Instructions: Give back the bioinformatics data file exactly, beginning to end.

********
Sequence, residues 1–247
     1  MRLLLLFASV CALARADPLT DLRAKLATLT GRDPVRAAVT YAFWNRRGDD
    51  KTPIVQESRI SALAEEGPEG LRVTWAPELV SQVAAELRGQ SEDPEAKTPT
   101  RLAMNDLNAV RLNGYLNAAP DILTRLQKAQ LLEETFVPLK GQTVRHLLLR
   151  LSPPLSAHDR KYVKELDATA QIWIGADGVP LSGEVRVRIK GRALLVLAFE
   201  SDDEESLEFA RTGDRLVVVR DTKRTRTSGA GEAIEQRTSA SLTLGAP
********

Sequence, residues 1–247
     1  MRLLLLFASV CALARADPLT DLRAKLATLT GRDPVRAAVT YAFWNRRGDD
    51  KTPIVQESRI SALAEEGPEG LRVTWAPELV SQVAAELRGQ SEDPEAKTPT
   101  RLAMNDLNAV RLNGYLNAAP DILTRLQKAQ LLEETFVPLK GQTVRHLLLR
   151  LSPPLSAHDR KYVKELDATA QIWIGADGVP LSGEVRVRIK GRALLVLAFE
   201  SDDEESLEFA RTGDRLVVVR DTKRTRTSGA GEAIEQRTSA SLTLGAP